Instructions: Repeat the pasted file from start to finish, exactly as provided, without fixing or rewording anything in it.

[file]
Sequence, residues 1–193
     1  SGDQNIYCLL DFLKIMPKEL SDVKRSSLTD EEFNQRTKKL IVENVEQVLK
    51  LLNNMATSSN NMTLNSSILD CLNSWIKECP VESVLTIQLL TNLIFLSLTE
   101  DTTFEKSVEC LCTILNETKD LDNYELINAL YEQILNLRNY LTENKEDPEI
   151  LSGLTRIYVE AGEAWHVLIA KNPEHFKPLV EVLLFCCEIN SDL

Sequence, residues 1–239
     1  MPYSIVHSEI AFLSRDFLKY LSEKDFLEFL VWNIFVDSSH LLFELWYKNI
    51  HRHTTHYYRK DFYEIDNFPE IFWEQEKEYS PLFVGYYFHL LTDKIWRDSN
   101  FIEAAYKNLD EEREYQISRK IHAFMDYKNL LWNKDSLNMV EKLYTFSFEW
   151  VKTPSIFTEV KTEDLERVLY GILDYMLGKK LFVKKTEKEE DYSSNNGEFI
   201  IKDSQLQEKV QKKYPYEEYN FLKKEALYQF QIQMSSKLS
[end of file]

Sequence, residues 1–193
     1  SGDQNIYCLL DFLKIMPKEL SDVKRSSLTD EEFNQRTKKL IVENVEQVLK
    51  LLNNMATSSN NMTLNSSILD CLNSWIKECP VESVLTIQLL TNLIFLSLTE
   101  DTTFEKSVEC LCTILNETKD LDNYELINAL YEQILNLRNY LTENKEDPEI
   151  LSGLTRIYVE AGEAWHVLIA KNPEHFKPLV EVLLFCCEIN SDL

Sequence, residues 1–239
     1  MPYSIVHSEI AFLSRDFLKY LSEKDFLEFL VWNIFVDSSH LLFELWYKNI
    51  HRHTTHYYRK DFYEIDNFPE IFWEQEKEYS PLFVGYYFHL LTDKIWRDSN
   101  FIEAAYKNLD EEREYQISRK IHAFMDYKNL LWNKDSLNMV EKLYTFSFEW
   151  VKTPSIFTEV KTEDLERVLY GILDYMLGKK LFVKKTEKEE DYSSNNGEFI
   201  IKDSQLQEKV QKKYPYEEYN FLKKEALYQF QIQMSSKLS